Beyonce to Bluegrass: USF’s Got Talent

Freshman Kaciah Hopper belts out a Beyonce ballad at the USF’s Got Talent Competition on Wednesday, March 31. Her performance won her the $300 grand prize. Photo by Valeri Aragon/Foghorn

Hula dancing, mandolin-playing, stand-up comedy and harmonica beatboxing were among the talents showcased at USF’s Got Talent this past Wednesday. The event, hosted by the Campus Activities Board, took place in the Presentation Theatre from 8 to 10 p.m., running a little long – not that the audience minded.

USF’s Got Talent was emceed by perky sophomore Evelyn Obamos, with her brand of cheesy-though-cute humor. It was judged by a panel of four, including students Jenny Dinh and Halimah Najieb-Locke, CAB adviser Darren Pierre, and music professor Francesca Rivera.

The show opened with a piano cover of Lady Gaga’s “Speechless” by Kayleigh Mack, at first miscast as an original piece by the student. Trivial slips like these–missed lyrics, misplaced microphones, were the only minor hitches in an otherwise smooth and successful performance.

Even the unexpected glitches were taken well; junior Scarlett Caldwell found herself performing a capella after, as she put it, “the pianist bailed on me,” but was supported by a loud and appreciative audience that cheered and whooped, calling out performers’ names and participating in the intermission activity where they snapped fingers, slapped thighs and stomped feet to create a thunderstorm in the Presentation Theatre.

The “thunderstorm” was dwarfed, however, by the applause for the three winning acts: Kaciah Hopper in first place with a Beyonce cover and a grand prize of $300, with Mike McDonnell and Todd Andersen’s guitar improvisations taking second with $150, and Karim Iliya coming in third and receiving $75 for his harmonica beatboxing.

Most of the entertainment on stage, but not all, was musical in nature, but all the performances were fairly diverse. Acts included student rock band Moonlight Orchestra, singing original tunes with psychedelic guitar and soulful violin; duo Southern Comfort with a playful R&B song; singer/songwriter Caroline Calderon, who also performed at Barrio Fiesta on March 26 and 27; and acoustic musician and boy-next-door Chris Hansen with his song “Thanks.”

There was a variety of covers, such as Paramore’s “Misery Business,” performed by In All Seriousness, a band made up of freshmen Kevin Yeung and Samuel Rusu and sophomores Adam Unger and Chloe Nakano; and a cover of the Goo Goo Dolls’ “Iris” that launched cheering audience members down memory lane. Kyle O’Brien, freshman, offered a fresh breath of bluegrass amid pop and alternative, demonstrating his skill at the fiddle and mandolin, aided by guest and fellow Earl Brothers band member Tom Lucas on banjo.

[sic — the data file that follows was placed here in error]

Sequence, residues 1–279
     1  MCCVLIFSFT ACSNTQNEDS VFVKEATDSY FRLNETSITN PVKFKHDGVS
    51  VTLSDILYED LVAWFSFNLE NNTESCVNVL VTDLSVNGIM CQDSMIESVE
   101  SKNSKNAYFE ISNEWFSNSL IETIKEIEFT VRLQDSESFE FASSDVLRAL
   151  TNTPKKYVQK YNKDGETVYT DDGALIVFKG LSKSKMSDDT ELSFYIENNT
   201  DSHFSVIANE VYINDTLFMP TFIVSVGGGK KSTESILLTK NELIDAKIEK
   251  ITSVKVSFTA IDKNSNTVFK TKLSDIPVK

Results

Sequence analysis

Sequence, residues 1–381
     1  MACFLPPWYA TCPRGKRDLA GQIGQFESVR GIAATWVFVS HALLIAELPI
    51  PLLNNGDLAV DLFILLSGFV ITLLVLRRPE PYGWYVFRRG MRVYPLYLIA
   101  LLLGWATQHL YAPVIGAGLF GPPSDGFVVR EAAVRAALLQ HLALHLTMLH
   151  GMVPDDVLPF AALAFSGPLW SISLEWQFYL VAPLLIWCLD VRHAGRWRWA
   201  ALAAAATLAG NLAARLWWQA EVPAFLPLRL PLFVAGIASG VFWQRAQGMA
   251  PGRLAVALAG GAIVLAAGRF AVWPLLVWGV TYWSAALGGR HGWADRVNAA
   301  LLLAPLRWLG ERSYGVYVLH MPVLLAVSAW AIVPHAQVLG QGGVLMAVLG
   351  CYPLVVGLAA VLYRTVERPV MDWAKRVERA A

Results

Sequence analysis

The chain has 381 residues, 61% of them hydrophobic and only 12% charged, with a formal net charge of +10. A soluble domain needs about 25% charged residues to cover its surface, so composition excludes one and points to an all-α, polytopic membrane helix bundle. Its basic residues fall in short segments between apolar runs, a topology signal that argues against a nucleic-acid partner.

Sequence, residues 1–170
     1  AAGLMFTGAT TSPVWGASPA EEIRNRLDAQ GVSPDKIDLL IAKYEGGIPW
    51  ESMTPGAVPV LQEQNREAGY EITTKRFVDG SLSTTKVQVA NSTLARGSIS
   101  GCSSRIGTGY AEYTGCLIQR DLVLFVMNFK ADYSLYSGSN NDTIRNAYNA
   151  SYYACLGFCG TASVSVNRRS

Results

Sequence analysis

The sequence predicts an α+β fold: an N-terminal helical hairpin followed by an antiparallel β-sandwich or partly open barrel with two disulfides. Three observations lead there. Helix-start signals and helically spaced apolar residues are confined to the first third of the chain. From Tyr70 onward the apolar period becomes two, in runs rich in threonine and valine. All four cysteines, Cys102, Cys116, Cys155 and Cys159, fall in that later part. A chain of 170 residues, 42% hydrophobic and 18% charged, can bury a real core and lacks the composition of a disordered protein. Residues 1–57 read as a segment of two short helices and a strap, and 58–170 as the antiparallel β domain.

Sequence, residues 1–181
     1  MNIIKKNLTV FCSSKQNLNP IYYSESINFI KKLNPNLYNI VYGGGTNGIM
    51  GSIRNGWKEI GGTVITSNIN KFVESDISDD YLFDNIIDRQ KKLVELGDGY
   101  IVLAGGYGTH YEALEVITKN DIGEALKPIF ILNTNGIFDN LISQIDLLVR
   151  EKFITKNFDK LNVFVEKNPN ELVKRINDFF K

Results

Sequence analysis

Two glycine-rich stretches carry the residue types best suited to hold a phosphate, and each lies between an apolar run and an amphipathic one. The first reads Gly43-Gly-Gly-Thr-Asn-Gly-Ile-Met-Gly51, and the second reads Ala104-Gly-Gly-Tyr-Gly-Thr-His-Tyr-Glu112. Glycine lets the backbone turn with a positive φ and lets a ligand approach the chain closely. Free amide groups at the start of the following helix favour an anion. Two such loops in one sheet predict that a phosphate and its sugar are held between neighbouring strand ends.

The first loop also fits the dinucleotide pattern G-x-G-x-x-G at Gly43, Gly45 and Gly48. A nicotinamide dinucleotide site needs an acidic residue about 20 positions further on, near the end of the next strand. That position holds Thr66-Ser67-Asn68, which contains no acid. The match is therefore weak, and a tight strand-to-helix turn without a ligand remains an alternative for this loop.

The members of USF’s Hawaiian Ensemble entertain the audience with a hula dance, dressed in full Tahitian regalia. Photo by Valeri Aragon/Foghorn

Not all of the performances involved singing or playing instruments. Junior Matthew Montenegro, a self-described “passionate dancer,” performed a complicated hip hop routine. Super senior Anthony Rivera also broke out his dance moves before rolling out the good-naturedly self-deprecatory Asian stereotypes for his stand-up comedy act.

Aside from independent student bands or solo artists, campus groups also made an appearance. Jazz Voices, a 12-person vocal ensemble, jumped on the “Glee” bandwagon with an encore performance of “Don’t Stop Believing,” and the USF Hawaiian Ensemble concluded the show with a three-part performance including Tahitian dance and Hawaiian ukulele reggae.

For the most part, the audience enjoyed the experience, taking two hours out of a Wednesday night to relax. The experience was quite different behind the heavy red curtains of the stage.

“This was my first substantial performance, having only previously played in front of some family and friends, so this was an experience indeed,” said Andersen, who has been playing guitar since 7th grade, and whose decision to participate in USF’s Got Talent was a spur-of-the-moment choice.

Despite this inexperience and lack of practice, “when the time rolled around to get nerves, I didn’t, and thus my subsequent performance was very relaxed and natural,” Andersen said. “The thrill of performing in front of an audience, and in my estimation, performing quite well, is unlike anything I’ve previously encountered. I’d love to be up there playing for much longer.”

With his share of the prize money, Andersen plans to buy a trumpet and explore his other untapped musical talents.


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